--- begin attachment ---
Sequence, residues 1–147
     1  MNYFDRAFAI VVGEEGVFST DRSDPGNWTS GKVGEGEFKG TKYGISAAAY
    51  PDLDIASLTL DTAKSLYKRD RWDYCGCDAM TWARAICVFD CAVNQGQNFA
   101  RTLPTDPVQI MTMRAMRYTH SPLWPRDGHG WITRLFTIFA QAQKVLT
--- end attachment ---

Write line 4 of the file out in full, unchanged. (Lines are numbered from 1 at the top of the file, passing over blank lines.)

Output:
   101  RTLPTDPVQI MTMRAMRYTH SPLWPRDGHG WITRLFTIFA QAQKVLT